How to understand the diversity of gender more deeply in our workplaces? - A workshop to understand the diversity of gender was held at Omron Kyoto -

News   •   Apr 14, 2016 09:00 UTC

What is LGBT? Approach by various countries and Japan

The International Olympic Committee (IOC) decided to add provisions related to the prohibition of discrimination to the contract with a host city in September 2014. In the future, the Olympics will not be allowed to be held in cities where discrimination including against "sexual orientation" is present.

Respect for the diversity of gender has been gaining momentum. Under such circumstances, same-gender marriage is currently permitted by over 20 countries and regions in the world. For the first time in Japan, Shibuya ward established a regulation that approves a same-gender couple living in the ward as having "a relation equivalent to a marriage" in 2015 and issued a certification. This became a trending topic, which is still fresh in our memory.

LGBT is an acronym for Lesbian (female homosexual), Gay (male homosexual), Bisexual (ambisexual), and Transgender (those who wish to live with a gender different from the one legally/socially assigned to them when they were born), one of the terms meaning the various ways to live with a gender.

Although Japan is behind developed countries in tackling this theme, the number of LGBT is believed to be approximately 7.6% of the population, or a ratio of one out of thirteen (*1). Apply this rate to your workplaces. LGBT could be people near you, so one of your coworkers sitting next to you might be LGBT.

Even in Japan, LGBT has become recognized increasingly in recent years. Accordingly, the number of companies starting to engage in LGBT problems has increased by 1.8 times compared with a survey conducted two years ago in 2014, and the number of companies showing a basic policy regarding LGBT has also increased by 1.5 times (*2).

Provision of material: a specified nonprofit corporation, "Nijiiro Diversity"

Deepening understanding of LGBT and considering how to face LGBT in your workplaces

The Omron group has started to approach LGBT as an activity of diversity promotion based on a policy that employees' individuality will create new values, leading to corporate power.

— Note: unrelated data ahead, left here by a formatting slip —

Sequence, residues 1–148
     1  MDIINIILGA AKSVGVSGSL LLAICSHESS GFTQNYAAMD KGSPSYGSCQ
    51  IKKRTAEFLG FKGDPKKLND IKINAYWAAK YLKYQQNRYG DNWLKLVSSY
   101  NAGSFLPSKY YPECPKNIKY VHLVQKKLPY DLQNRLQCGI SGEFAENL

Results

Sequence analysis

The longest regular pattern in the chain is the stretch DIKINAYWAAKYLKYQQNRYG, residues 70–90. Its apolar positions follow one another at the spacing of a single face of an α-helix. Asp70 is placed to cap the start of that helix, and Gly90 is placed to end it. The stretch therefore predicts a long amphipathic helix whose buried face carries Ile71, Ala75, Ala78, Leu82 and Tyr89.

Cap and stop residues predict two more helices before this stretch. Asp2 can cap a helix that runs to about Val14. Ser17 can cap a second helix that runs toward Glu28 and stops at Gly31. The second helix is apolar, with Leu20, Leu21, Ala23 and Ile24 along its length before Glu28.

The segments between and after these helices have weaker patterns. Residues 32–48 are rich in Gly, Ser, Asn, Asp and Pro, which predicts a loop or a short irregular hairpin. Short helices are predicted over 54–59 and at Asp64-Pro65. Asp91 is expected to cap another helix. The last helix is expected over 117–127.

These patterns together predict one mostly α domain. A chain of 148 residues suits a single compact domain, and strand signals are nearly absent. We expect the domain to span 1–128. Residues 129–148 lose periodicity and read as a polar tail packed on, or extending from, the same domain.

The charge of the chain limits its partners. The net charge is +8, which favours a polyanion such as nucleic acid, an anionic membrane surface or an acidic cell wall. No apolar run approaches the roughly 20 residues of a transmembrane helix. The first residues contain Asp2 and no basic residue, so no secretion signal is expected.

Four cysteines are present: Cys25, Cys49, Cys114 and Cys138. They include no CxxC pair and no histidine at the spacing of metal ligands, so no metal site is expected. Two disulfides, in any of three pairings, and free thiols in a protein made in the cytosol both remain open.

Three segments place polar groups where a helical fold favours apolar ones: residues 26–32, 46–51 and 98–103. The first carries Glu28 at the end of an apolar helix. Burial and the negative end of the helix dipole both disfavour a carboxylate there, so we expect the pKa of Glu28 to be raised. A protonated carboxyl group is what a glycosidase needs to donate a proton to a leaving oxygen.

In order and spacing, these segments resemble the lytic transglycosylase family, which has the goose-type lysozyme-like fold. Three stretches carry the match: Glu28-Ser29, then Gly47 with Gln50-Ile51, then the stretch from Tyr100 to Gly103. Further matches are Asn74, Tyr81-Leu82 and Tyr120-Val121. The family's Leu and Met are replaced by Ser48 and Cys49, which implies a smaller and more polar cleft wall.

Omron invited as a lecturer Maki Murakami, who is the representative of a specified nonprofit corporation engaged in activities to understand and support LGBT, "Nijiiro Diversity," and held a workshop to deepen understanding of the problems, trouble, and various questions LGBT have at the Omron Kyoto office.

Maki Muraki, the representative of a specified nonprofit corporation, "Nijiiro Diversity."

Muraki said that LGBT have a lot of difficulties related to their work. Not only do they feel difficulty in seeking employment but also encounter discriminatory behaviors at work, such as being fired or discriminated against for promotions, and quite a few of them suffer from depression. The participants learned that the person concerned feels certain words and phrases used in our daily, casual conversations as discriminatory or insulting, so it is better not to use them in your workplaces.

What should you do if anyone around you comes out?

In many cases, the persons come out by "selecting" a reliable person. So it is important to accept the coming out calmly and naturally without responding to it negatively and deal with them as coworkers as you have always done. Coming out is a sign that they wish to continue to work there. It is important to make a system in which LGBT and you can discuss how to make the workplace a place to work more easily together.

Omron group's future approach

The employees who participated in the workshop said, "I wonder if the expressions I use unintentionally every day might hurt LGBT. I wish to be careful about the words and phrases I use in the future including the words and phrases someone around me uses."
Your speech and behavior will change only if you change your recognition of LGBT around you from "never exists" to "might exist."

In 2015, Omron clearly stated in the Omron group rule that Omron aims at becoming a corporation where a variety of employees can work actively showing their individuality and abilities without regard to nationality, human race, skin color, religion, family line, ethnic group, marital status, gender, sexual orientation, disability, and age based on the "respect for humanity", one of our values defined by the Omron corporate philosophy.

Omron's approach to LGBT has just started. All the employees are going to deepen their understanding of a variety of employees who have various values and ways of thinking to create a workplace where everyone can work actively with individuality.

(*1) A survey by Dentsu Communication Institute in 2015

(*2) The 11th CSR Survey by The Toyo Keizai in 2016